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Smart Grid Briefing: Honeywell, Constellation, Lockheed Martin, Retroficiency

Smart grid and demand response announcements have come thick and fast from this year’s DistribuTECH conference, which just wrapped up in San Antonio. Some of the biggest items from the conference and around the web:

Honeywell and utility SSE launched a full-scale smart grid project that will connect up to 30 commercial and industrial buildings in the Thames Valley area west of London. The pilot is part of the £30 Sterling New Thames Valley Vision project recently awarded to Scottish and Southern Energy Power Distribution by U.K. energy regulator Ofgem.

Honeywell will install automated demand response technology in the selected facilities. The utility will then work with these customers to trim peak electricity use, and reduce strain on the local networks and substations, which are nearing capacity. Honeywell expects the full-scale project will allow the utility to shave about 10 MW of energy use when necessary.

Ofgem eventually plans to roll out a smart grid covering 14,000 homes and businesses in the north of England, BusinessGreen reports

Constellation Energy announced an agreement with PureSense Environmental. The relationship will provide the real-time irrigation management company the opportunity to offer their growers Constellation Energy’s load response programs to help them curb their energy usage.

Space-Time Insight introduced the Situational Intelligence Suite for Utilities, a set of purpose-built applications that the company says transform massive volumes of real-time, historical and predictive smart metering data into intuitive displays for rapid decision-making. The first of the suite, Smart Meter Intelligence, extends the capabilities of “big data” solutions by helping organizations visually correlate real-time meter data with enterprise, grid, communications, environmental, and other information streams.

Proximetry announced it is partnering with Cisco for its push for a unified smart grid, and said it is joining with CSC Corp. to launch network management to help utility operators manage smart grids, GreenTech Media reports.

Dominion and Lockheed Martin announced the availability of the EDGE Grid Side Efficiency solution for utilities.  EDGE is a modular conservation voltage management system that enables utilities to deploy incremental grid-side energy management, requiring no behavioral changes or purchases by end customers, the companies say. It is the first of several smart grid applications to be delivered through a joint marketing and development alliance between the two companies.

Retroficiency, a maker of building-side energy data analysis products, is testing utility-facing tools in pilots with Schneider Electric and Iberdrola USA, which serves 2.5 million utility customers in Maine and New York. But the software maker wouldn’t elaborate on what the partnership entails, according to GreenTech Media.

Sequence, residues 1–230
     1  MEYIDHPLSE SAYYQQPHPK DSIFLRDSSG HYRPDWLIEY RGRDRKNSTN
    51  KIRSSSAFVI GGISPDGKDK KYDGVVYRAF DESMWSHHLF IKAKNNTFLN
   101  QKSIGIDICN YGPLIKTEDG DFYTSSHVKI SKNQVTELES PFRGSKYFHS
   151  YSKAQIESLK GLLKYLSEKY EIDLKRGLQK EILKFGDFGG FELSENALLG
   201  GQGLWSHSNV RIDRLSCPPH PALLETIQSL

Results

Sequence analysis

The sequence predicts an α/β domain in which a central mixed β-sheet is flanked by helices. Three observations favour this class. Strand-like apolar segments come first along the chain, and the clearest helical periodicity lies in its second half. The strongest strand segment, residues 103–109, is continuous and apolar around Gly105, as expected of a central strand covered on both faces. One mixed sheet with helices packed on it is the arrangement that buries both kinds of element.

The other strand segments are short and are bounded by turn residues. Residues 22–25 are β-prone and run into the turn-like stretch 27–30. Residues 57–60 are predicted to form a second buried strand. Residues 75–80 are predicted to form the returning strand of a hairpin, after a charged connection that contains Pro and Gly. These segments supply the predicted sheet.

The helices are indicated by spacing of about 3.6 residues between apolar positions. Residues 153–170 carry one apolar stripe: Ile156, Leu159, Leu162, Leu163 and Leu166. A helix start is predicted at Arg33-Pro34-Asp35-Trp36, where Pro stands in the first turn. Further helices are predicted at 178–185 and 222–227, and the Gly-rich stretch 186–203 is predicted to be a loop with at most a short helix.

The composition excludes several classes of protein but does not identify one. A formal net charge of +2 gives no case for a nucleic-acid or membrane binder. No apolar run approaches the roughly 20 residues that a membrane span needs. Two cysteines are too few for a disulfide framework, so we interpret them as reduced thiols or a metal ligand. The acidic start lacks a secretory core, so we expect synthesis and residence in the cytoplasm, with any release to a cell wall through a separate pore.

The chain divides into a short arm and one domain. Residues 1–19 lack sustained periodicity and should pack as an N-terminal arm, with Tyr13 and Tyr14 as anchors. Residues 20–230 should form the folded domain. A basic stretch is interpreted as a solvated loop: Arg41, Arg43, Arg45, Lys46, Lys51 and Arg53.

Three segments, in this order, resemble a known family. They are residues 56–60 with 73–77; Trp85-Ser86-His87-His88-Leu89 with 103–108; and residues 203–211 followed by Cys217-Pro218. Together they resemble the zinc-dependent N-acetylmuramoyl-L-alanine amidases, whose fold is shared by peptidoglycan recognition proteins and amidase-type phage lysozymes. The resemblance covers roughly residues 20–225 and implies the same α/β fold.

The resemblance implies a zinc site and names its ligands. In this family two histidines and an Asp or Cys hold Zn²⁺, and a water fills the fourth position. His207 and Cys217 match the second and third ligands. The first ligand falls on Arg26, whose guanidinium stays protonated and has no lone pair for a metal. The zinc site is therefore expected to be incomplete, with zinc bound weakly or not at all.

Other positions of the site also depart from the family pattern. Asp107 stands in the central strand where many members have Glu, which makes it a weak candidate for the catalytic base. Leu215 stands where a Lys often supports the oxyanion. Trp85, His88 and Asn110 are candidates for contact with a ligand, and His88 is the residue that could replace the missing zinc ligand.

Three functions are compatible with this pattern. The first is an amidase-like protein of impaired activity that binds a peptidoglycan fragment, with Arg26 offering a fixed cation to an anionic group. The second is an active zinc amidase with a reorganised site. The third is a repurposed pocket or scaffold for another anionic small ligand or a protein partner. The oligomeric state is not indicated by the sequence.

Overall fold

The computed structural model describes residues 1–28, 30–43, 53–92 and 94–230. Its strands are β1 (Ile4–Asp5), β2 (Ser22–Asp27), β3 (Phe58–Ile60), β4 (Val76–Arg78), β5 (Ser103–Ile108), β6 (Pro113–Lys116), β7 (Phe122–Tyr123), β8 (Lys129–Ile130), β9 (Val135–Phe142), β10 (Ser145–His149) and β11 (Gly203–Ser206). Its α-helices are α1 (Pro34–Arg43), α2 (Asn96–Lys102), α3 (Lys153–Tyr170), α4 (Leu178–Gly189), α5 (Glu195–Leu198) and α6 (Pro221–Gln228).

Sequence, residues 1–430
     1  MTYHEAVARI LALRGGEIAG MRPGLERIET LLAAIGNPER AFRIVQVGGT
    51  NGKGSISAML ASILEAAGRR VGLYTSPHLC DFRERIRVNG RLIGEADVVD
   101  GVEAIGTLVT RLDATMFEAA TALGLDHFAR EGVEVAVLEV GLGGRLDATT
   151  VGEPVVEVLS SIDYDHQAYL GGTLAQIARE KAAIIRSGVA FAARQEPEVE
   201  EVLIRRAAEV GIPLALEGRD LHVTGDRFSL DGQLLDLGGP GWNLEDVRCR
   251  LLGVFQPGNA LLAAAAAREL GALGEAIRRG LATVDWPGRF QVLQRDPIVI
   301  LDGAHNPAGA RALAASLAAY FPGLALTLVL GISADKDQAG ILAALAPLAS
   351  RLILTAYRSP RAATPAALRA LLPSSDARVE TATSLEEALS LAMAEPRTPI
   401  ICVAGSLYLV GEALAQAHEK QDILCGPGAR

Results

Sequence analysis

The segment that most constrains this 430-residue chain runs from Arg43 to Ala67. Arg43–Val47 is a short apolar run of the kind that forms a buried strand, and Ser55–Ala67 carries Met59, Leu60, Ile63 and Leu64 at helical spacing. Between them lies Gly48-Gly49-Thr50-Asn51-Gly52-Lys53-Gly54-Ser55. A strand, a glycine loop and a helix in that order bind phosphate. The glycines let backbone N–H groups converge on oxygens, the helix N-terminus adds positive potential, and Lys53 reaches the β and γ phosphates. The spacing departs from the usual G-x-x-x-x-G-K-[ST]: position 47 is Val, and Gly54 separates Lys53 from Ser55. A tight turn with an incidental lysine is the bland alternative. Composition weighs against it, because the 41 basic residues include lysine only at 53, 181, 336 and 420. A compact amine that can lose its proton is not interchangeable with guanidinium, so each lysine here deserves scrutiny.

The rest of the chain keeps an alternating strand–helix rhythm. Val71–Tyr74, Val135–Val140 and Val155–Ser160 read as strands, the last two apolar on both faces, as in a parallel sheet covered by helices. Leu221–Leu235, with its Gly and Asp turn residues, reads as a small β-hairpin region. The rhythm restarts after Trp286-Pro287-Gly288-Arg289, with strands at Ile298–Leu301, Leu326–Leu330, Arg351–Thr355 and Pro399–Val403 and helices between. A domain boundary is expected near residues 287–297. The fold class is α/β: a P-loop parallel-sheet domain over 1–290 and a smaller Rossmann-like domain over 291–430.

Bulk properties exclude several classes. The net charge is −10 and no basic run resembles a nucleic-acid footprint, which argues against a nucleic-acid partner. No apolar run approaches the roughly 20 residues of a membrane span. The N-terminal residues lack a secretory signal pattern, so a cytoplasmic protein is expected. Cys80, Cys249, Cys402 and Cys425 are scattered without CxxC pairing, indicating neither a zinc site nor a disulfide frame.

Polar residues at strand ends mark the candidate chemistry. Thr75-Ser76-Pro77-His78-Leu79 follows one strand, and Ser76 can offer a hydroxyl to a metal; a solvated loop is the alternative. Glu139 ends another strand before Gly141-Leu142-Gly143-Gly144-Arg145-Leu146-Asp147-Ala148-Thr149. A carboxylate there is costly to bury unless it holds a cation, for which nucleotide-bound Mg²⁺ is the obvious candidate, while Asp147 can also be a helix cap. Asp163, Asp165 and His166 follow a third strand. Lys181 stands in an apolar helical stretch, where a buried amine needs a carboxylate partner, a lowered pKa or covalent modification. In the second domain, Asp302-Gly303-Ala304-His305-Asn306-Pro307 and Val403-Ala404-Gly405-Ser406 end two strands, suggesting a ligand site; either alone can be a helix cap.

Finally, Powergrid International magazine has announced four winners of its Projects of the Year Awards. Duke Energy won the Energy Efficiency/Demand Response award for its Smart Energy Now program; California Independent System Operator won the Grid Integration of Renewables award for its visual approach to managing renewable energy; AEP Ohio won the Smart Grid prize for its gridSmart demonstration project; and Toronto Hydro won the smart metering award for its advanced metering project.

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2 thoughts on “Smart Grid Briefing: Honeywell, Constellation, Lockheed Martin, Retroficiency



    1. Smart Meters emit radiation almost continuously, day and night, seven days a week.

    2. Family safety is uncertain with a smart meter attached to a home.

    3. It is impossible to know how close a consumer is to their RF Radiation limit, making safety an uncertainty with installation of a mandatory Smart Meter.

    4. Smart Meters can exceed the whole body radiation exposure of cell phones by 60-150 times.

    5. Radiation exposure from Smart Meters at non-thermal levels shows accumulating evidence of human cell damage, DNA chain breaks, breaches in the blood-brain barrier, sperm damage, toxin exposure, cancer, miscarriage, birth defects, semen degradation, autoimmune diseases, etc.

    6. Electromagnetic hypersensitivity (EHS) is a real and sometimes debilitating neurological problem for the affected persons (Mild et al., 2004).

    7. FCC guidelines do not protect the public and cannot be used for any claims of Smart Meter safety.

    8. Smart Meters exceed the RF Microwave Radiation standards of many other countries by 12 to 60 million times.

    9. SUMMARY: Given the evidence of existing and potential harm from Smart Meters, governmental agencies for protecting public health and safety should be much more vigilant towards Smart Meter electromagnetic radiation exposures because governmental agencies are the only defense against such involuntary exposure.

  2. AAEM Calls for Moratorium on Smart Meters

    On January 19, 2012, the American Academy of Environmental Medicine (AAEM) issued a statement regarding their opposition to wireless smart meters. They are requesting an immediate moratorium. The link for their statement is provided below. It begins as follows:

    The Board of the American Academy of Environmental Medicine opposes the installation of wireless “smart meters” in homes and schools based on a scientific assessment of the current medical literature (references available on request). Chronic exposure to wireless radiofrequency radiation is a preventable environmental hazard that is sufficiently well documented to warrant immediate preventative public health action.


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